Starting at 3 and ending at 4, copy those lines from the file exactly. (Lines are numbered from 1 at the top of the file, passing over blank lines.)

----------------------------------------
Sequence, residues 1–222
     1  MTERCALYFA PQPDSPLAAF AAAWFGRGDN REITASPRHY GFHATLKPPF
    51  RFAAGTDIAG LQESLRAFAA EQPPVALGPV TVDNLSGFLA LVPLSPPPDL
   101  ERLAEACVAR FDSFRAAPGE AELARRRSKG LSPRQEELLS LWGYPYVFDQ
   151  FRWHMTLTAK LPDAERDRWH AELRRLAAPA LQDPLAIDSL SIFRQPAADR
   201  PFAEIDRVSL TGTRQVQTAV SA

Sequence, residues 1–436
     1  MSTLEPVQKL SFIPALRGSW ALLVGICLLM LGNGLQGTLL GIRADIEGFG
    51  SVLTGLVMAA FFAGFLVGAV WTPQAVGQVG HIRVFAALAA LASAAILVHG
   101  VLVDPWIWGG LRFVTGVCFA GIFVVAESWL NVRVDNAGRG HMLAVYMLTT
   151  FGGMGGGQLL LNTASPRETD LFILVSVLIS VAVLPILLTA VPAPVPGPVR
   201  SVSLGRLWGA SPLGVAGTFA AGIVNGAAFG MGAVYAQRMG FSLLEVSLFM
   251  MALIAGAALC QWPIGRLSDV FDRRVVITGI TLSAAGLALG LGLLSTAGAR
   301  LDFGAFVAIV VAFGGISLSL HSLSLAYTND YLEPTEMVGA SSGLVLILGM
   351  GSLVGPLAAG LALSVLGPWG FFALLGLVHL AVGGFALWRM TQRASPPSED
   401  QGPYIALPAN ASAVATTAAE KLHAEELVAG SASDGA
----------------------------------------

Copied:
    51  RFAAGTDIAG LQESLRAFAA EQPPVALGPV TVDNLSGFLA LVPLSPPPDL
   101  ERLAEACVAR FDSFRAAPGE AELARRRSKG LSPRQEELLS LWGYPYVFDQ